(COLUMBUS, Ohio) - Technology may be the key to identifying high-risk behaviors among adolescents. Injury risk, depressive symptoms and drug and alcohol use are the leading causes of adolescent morbidity and mortality; yet pediatricians often lack the time to screen for these behavioral concerns. That paradox of care is the motivation behind a new study, published in the June issue of Pediatrics, which found adolescents who participated in computerized screening with real-time results were more likely to be identified as having a problem by their pediatrician than adolescents whose screening results were delayed.
The study, conducted by researchers at the Center for Innovation in Pediatric Practices in The Research Institute at Nationwide Children's Hospital, compared the results of 878 primary care patients, ages 11 to 20 years, who participated in a unique, computerized behavioral screening system between June 1, 2005 and February 20, 2006 called "Health eTouch." Developed by researchers at Nationwide Children's, Health eTouch is a Web application, presented to patients on secure wireless Web tablets with 10-inch touch screen displays. Questions vary based on the user's age and reported behaviors and are drawn from existing publicly available validated measures.
Study participants took part in Health eTouch screening in the waiting rooms of the urban clinics they attended. These clinics were randomly assigned to have pediatricians either receive screening results just prior to face-to-face encounters with patients - "Immediate Results" condition - or two to three business days later - "Delayed Results" condition. When provided with the screening results, pediatricians were able to view a summary of patient responses to screening questions, as well as a list of flagged responses thought to be indicative of high-risk behaviors and an overall positive or negative rating for various behavioral concerns tested during the screening process.
After participating in Health eTouch, 59 percent of respondents screened positive for at least one of the following behavioral concerns: injury risk behaviors, significant depressive symptoms or substance use. Of those youths who screened positive and whose results were provided to pediatricians just prior to their consultation, 68 percent were identified as having a problem by their pediatrician, while only 52 percent of youths whose results were delayed were identified as having a problem by their pediatrician.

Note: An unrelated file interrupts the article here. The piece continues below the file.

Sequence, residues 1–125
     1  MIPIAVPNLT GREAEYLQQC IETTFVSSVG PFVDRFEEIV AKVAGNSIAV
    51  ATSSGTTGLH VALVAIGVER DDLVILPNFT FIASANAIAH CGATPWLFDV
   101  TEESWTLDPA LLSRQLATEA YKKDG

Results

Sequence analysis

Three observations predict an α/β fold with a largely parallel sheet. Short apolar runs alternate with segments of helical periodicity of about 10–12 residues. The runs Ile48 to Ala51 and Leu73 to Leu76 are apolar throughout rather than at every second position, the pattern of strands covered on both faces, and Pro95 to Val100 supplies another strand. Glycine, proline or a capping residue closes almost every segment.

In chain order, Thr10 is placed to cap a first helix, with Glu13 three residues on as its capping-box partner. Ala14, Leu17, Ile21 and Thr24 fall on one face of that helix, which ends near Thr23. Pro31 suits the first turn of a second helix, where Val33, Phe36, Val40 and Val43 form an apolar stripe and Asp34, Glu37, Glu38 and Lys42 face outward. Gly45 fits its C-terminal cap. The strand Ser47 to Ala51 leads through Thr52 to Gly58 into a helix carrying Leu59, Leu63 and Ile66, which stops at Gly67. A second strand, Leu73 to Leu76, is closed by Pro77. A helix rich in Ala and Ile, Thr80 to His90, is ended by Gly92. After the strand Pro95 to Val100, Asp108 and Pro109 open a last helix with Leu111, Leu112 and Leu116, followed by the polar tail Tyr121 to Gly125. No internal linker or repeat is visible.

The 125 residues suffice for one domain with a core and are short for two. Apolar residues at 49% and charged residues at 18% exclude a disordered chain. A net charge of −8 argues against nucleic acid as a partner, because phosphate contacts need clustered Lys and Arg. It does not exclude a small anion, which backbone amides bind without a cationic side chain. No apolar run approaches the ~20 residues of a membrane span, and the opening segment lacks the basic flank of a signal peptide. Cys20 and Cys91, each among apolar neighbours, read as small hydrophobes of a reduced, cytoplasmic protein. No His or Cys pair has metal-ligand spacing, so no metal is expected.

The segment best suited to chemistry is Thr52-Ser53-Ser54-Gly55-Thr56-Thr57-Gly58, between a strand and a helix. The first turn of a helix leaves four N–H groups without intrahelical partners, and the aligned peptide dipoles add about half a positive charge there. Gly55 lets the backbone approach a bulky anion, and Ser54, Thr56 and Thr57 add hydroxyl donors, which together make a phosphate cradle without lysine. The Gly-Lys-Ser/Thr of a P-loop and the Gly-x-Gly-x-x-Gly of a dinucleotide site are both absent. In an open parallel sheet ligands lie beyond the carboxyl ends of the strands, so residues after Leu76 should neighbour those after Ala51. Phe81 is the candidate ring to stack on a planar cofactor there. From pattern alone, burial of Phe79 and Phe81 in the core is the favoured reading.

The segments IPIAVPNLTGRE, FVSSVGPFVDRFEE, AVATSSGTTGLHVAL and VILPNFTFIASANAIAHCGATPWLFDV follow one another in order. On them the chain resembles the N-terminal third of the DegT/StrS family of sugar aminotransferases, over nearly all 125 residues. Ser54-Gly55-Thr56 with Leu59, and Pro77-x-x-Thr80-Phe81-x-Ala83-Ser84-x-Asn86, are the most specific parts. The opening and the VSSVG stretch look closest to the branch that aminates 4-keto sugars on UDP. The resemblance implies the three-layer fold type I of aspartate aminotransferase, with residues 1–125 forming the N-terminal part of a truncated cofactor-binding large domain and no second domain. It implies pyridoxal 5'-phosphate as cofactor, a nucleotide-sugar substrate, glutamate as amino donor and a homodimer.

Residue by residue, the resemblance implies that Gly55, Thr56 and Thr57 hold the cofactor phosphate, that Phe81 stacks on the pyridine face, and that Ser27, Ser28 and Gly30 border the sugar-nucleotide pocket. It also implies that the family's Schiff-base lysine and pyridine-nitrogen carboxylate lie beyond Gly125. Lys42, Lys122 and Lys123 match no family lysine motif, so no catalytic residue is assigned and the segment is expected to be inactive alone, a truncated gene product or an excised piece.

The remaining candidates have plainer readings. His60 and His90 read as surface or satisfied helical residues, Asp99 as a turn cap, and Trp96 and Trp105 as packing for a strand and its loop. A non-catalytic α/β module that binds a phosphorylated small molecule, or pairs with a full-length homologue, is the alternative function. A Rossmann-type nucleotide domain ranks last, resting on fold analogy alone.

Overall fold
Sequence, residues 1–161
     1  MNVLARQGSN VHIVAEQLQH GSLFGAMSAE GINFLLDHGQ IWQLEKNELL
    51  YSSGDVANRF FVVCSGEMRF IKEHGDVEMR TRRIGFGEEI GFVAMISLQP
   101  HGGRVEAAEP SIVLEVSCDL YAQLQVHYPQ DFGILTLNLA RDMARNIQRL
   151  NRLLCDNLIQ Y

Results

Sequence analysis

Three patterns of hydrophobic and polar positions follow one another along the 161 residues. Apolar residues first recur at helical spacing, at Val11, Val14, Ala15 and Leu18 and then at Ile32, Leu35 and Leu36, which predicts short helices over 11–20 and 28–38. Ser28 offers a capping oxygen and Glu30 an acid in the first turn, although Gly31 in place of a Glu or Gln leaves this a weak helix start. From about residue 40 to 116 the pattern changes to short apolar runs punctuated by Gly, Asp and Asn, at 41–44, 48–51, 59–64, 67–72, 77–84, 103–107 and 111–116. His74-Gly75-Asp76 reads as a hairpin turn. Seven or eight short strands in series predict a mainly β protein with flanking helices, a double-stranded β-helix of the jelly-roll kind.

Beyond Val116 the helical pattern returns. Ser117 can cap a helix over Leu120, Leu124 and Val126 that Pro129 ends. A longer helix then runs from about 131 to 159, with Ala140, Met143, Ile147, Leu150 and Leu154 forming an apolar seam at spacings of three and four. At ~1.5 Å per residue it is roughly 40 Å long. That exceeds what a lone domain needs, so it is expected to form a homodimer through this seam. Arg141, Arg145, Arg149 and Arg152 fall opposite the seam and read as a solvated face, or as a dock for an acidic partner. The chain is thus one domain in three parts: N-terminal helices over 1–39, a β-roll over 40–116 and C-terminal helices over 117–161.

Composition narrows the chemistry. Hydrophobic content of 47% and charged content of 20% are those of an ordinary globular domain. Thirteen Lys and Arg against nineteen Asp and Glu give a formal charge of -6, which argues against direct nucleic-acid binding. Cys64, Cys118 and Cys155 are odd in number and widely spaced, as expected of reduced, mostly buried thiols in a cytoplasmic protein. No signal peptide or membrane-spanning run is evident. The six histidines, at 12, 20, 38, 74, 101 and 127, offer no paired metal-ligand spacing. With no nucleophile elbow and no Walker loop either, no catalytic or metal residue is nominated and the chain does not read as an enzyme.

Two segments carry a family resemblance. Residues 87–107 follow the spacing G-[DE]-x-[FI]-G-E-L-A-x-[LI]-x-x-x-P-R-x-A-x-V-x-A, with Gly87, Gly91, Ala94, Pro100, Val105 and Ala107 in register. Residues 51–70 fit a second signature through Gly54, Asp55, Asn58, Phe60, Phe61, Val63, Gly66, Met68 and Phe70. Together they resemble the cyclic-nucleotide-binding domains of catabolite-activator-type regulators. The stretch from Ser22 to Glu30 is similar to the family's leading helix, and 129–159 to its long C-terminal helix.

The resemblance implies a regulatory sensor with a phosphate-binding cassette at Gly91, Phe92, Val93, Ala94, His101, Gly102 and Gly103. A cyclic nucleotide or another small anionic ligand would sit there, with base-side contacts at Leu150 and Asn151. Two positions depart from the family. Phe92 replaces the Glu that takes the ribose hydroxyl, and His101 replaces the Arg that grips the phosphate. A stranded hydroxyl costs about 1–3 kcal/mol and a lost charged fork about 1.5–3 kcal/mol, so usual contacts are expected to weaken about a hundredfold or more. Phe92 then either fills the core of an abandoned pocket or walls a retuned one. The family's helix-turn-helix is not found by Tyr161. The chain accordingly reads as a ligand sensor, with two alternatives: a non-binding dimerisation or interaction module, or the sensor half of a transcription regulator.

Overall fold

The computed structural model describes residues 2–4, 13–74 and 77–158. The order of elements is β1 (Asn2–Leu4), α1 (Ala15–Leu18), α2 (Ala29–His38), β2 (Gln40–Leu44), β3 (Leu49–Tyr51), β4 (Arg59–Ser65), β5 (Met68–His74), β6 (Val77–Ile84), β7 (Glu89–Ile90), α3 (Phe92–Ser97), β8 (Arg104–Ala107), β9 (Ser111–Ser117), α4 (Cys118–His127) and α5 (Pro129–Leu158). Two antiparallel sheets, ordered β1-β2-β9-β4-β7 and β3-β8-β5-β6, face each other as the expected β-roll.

"Routine behavioral screening, although critical in identifying and addressing high-risk behaviors, often does not occur or is limited due to the time constraints and competing demands facing primary care physicians," said Kelly Kelleher, MD, a principal investigator for the Center for Innovation in Pediatric Practices in The Research Institute at Nationwide Children's and a faculty member at The Ohio State University College of Medicine. "Our research has found that recent advances in information technology, such as the Health eTouch system, and the immediate reporting of computerized screening results may help overcome barriers to behavioral screening."
Direct data entry by youths in waiting rooms and automated scoring and printing programs minimize staff time necessary for screening, scoring, reporting and filing results. Also, past research has shown adults and adolescents are more willing to disclose sensitive information to a computer than to a clinician.